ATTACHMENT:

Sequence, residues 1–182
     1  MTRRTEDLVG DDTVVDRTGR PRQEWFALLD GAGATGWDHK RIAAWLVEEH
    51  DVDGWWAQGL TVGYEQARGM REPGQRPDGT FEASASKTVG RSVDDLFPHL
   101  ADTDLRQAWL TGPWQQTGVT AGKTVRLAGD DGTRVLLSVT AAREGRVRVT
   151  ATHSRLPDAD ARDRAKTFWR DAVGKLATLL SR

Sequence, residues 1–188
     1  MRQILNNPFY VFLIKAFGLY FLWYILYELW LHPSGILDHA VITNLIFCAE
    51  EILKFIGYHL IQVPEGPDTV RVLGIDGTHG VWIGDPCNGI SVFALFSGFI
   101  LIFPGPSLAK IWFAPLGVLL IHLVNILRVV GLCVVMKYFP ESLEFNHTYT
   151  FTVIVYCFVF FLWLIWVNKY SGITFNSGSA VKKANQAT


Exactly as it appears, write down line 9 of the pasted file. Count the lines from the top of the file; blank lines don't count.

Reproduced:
   101  LIFPGPSLAK IWFAPLGVLL IHLVNILRVV GLCVVMKYFP ESLEFNHTYT